Publication Date



Open access

Embargo Period


Degree Type


Degree Name

Doctor of Philosophy (PHD)


Psychology (Arts and Sciences)

Date of Defense


First Committee Member

Patrice G. Saab

Second Committee Member

Maria M. Llabre

Third Committee Member

Judith R. McCalla

Fourth Committee Member

Neil Schneiderman

Fifth Committee Member

Randall Penfield


The purpose of this current study was to examine the influence of cardiovascular health knowledge on dietary and physical activity changes in 15-17 year olds with elevated blood pressure. The sample consisted of 167 adolescents randomized into one of three treatment conditions (minimal, moderate, or intense). Each adolescent completed a fitness test (peak VO2), 24-hour dietary recall, 7 Day Activity Recall (kilocalories expended per day), Self-efficacy Questionnaire, and Stages of Change Questionnaire every three months. The Health Knowledge Assessment was given at baseline and at post-intervention. Classical test theory, confirmatory factor analysis, and item response theory frameworks were applied to examine psychometric properties of the Health Knowledge Assessment. Structural equation modeling was used to examine the change in health behaviors and the relationship with health knowledge, self-efficacy, and readiness for change. The 34-item Health Knowledge Assessment had good internal consistency and the items loaded onto a single factor at pretest and posttest. Furthermore, there was a good distribution of easy, moderate, and hard items at pretest, but additional hard items were needed at posttest. There were no treatment condition differences in level of health knowledge at pretest. The intense condition had significantly higher health knowledge than the minimal and moderate conditions at posttest; level of health knowledge for the moderate condition was significantly higher than the minimal condition at posttest. Level of nutrition knowledge at posttest was not associated with any of the dietary intake variables nor was level of exercise knowledge associated with the two physical activity variables at post-intervention. However, there was a marginally significant association between level of nutrition knowledge and nutrition self-efficacy at posttest. Nutrition self-efficacy and nutrition readiness for change at posttest were also associated with a decrease in sugar consumption at post-intervention. Implications of this study suggest that a cardiovascular health intervention for adolescents with elevated blood pressure, consisting of group sessions and/or individual sessions over the course of three to six months, was effective in terms of increasing cardiovascular health knowledge, self-efficacy, and readiness for change. Nonetheless, the role that health knowledge plays in health behavior change needs to be further examined.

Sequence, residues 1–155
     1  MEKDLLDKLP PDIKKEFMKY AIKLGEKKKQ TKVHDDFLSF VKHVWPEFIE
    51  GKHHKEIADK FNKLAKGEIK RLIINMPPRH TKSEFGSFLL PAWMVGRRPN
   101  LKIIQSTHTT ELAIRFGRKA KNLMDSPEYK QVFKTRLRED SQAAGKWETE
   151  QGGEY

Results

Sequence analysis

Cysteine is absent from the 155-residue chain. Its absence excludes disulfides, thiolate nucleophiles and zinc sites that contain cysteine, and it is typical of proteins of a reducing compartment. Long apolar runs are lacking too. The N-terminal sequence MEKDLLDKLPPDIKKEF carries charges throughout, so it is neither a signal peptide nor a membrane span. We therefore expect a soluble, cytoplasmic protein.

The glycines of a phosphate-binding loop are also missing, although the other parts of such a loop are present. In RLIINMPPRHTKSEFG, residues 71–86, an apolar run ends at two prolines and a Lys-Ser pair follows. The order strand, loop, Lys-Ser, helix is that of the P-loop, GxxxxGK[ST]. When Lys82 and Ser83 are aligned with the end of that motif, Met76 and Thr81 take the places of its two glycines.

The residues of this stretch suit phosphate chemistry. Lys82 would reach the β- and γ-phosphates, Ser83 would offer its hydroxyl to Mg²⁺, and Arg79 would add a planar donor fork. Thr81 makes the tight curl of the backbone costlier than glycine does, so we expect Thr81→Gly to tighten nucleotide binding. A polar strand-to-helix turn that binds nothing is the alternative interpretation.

Health knowledge; diet; physical activity; adolescents; classical test theory; item response theory